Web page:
As the back cover tells us, the new series My Reading answers a friendly question concerning literary works: “What it is like to love this book?,” that is, how can one help readers care about the author of a literary work, imagine what this work shows, remember it, and let it participate in their lives? These aims are beautifully reached in Philip Davis’s reflections on William James’s worldview as “a literary way of thinking outside the realm of literature” (xii).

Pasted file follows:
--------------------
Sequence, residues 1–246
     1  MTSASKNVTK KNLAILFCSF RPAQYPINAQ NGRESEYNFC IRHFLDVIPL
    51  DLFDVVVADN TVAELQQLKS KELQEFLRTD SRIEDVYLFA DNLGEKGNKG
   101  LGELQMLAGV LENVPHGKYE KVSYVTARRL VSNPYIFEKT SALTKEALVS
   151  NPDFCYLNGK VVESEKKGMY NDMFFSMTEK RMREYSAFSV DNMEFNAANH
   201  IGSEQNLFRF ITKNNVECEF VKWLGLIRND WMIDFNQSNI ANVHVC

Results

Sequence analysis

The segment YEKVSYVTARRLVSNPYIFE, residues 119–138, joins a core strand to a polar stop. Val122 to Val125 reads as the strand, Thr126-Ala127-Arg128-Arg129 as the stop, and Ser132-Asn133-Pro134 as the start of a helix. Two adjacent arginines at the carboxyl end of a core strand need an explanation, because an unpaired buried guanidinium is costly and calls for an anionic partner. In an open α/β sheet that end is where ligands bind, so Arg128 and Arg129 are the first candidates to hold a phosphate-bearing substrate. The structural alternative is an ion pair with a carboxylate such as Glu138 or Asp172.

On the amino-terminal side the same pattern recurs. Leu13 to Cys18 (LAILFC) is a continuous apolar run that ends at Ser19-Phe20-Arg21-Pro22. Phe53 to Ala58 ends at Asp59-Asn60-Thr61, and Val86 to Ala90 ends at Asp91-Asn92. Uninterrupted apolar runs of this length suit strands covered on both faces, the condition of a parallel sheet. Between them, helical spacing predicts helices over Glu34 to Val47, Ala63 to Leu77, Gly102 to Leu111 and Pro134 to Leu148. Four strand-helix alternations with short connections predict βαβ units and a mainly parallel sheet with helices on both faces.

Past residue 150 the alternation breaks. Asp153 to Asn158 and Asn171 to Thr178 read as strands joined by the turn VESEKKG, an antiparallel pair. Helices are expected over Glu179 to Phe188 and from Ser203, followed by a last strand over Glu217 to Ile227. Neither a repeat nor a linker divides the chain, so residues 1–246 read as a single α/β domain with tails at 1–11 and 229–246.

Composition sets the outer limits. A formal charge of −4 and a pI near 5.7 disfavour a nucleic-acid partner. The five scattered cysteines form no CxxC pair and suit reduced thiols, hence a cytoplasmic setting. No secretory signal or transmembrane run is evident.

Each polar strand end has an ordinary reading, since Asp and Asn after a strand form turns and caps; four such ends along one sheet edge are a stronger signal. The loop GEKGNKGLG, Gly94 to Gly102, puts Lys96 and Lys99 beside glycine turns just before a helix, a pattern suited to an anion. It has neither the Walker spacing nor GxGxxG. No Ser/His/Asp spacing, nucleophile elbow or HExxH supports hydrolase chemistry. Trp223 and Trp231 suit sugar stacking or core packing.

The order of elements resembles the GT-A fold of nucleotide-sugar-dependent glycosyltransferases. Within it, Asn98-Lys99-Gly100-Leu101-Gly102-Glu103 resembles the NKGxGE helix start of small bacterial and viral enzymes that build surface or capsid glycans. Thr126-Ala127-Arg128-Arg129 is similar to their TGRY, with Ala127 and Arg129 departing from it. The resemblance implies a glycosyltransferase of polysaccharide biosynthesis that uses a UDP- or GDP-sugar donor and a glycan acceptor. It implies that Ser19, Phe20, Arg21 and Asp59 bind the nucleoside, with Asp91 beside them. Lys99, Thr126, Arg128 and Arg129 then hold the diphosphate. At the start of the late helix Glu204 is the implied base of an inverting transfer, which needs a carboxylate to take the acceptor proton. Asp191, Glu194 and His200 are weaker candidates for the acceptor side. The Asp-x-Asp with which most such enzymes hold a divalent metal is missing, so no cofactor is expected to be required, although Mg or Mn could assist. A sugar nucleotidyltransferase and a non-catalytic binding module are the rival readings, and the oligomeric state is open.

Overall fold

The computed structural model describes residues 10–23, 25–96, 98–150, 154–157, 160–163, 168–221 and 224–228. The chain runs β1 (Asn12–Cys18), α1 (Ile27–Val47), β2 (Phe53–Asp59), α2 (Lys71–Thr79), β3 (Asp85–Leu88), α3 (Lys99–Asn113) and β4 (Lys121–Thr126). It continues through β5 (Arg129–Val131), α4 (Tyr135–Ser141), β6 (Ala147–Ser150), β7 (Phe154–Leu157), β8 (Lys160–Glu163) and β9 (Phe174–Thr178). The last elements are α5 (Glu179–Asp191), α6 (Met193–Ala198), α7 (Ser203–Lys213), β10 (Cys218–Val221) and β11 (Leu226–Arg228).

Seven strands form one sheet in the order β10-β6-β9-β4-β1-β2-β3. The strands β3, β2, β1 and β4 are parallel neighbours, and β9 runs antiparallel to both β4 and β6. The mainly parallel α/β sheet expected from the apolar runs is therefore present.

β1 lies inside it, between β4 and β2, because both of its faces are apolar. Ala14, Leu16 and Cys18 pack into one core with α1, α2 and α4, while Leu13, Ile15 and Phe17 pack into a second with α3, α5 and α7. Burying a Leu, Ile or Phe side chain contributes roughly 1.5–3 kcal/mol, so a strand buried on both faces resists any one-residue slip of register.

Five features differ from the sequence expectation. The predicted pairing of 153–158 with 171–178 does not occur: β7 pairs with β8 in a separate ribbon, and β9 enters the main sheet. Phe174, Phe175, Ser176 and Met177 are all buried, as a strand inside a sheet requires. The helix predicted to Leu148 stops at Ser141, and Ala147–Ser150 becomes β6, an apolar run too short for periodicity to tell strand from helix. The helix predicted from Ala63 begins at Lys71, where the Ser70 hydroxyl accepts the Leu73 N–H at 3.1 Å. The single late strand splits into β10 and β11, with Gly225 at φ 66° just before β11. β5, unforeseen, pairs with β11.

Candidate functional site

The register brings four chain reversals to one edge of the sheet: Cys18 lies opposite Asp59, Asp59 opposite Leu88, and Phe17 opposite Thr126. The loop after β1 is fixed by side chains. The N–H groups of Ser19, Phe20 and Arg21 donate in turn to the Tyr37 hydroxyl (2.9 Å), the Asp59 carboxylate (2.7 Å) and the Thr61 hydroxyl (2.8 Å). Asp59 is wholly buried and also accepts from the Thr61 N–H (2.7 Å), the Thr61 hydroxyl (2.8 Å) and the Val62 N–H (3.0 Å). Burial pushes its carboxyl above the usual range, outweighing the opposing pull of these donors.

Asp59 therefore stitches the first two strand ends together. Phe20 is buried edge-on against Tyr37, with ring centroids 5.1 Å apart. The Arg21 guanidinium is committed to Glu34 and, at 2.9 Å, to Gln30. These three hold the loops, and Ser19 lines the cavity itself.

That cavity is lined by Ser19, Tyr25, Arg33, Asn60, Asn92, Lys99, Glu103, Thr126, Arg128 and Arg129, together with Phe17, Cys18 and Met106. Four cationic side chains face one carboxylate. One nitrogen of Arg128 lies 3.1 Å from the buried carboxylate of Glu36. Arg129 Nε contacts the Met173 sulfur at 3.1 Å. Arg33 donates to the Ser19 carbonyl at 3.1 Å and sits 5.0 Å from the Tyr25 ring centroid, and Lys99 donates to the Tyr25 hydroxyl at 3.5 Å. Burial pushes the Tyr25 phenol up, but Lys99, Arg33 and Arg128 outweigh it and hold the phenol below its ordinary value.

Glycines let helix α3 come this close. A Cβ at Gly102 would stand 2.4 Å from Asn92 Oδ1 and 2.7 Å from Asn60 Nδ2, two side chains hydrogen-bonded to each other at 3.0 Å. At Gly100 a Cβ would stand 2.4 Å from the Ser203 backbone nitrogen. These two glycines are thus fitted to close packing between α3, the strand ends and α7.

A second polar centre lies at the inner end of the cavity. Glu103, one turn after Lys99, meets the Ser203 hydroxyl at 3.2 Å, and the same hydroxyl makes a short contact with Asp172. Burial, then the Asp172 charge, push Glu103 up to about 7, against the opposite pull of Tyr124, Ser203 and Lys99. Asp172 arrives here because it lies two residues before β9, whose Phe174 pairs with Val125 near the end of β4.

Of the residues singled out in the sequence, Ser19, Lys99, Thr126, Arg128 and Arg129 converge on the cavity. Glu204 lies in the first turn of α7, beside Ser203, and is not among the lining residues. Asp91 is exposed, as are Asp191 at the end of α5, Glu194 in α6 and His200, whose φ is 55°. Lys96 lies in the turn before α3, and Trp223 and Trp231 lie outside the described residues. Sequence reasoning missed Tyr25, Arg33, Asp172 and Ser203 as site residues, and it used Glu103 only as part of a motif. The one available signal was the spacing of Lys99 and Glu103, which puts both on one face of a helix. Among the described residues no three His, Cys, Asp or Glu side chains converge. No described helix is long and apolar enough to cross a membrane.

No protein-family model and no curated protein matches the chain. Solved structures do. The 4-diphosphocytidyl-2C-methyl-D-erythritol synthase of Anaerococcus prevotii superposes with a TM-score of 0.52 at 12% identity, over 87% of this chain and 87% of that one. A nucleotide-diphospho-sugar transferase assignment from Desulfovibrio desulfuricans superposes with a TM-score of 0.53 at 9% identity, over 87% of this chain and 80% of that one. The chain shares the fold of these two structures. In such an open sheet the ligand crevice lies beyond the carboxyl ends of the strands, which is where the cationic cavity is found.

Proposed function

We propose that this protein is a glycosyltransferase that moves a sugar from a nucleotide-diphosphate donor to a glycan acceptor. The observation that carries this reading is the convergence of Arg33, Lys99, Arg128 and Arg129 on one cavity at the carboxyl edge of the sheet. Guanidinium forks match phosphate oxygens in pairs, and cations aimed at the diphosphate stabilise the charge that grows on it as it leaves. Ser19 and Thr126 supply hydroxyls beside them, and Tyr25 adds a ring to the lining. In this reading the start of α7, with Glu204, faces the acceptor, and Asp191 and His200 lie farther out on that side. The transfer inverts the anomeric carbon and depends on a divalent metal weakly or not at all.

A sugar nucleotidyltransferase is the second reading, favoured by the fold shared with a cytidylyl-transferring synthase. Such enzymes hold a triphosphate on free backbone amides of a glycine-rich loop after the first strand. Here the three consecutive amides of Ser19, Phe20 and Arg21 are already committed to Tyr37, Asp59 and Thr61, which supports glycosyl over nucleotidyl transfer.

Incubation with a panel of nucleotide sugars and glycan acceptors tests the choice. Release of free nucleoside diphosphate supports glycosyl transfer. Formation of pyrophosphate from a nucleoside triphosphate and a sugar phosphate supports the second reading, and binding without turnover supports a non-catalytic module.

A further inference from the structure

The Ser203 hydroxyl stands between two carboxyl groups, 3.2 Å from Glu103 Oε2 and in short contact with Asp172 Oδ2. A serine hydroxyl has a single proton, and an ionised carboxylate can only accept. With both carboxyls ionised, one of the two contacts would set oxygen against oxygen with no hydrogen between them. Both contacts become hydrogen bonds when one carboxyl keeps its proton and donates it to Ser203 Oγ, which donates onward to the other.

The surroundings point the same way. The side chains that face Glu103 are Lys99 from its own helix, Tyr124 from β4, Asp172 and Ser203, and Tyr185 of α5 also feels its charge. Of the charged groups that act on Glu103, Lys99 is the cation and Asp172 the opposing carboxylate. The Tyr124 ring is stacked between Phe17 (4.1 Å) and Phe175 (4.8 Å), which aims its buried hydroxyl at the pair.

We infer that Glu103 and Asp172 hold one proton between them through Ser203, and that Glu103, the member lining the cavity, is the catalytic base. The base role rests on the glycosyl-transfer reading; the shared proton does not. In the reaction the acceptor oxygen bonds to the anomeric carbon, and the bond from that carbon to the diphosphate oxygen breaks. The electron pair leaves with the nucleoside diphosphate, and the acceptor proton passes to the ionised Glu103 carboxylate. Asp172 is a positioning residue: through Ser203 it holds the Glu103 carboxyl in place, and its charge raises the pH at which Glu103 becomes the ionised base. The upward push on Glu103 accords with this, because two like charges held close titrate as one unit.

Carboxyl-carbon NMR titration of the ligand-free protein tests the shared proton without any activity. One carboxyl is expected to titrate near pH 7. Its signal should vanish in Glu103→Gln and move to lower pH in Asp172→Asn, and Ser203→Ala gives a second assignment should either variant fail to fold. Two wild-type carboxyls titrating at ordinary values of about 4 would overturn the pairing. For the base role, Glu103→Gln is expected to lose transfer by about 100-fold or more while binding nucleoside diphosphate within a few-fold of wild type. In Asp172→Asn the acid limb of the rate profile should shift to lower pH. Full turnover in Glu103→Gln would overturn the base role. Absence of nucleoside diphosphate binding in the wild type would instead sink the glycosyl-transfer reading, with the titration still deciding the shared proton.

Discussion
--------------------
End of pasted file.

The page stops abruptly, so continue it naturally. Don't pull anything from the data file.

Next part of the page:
Davis starts from James’s own distinction between, on the one hand, “dead feelings, dead ideas, and cold beliefs” and, on the other hand, “hot and live ones” (2), a distinction meant to help us set up “intimate and continuous connections” (4) with what surrounds us, blow open “the walls of rigidified systems,” and, by advising us to believe that life is worth living, suggest that this belief may “help create...

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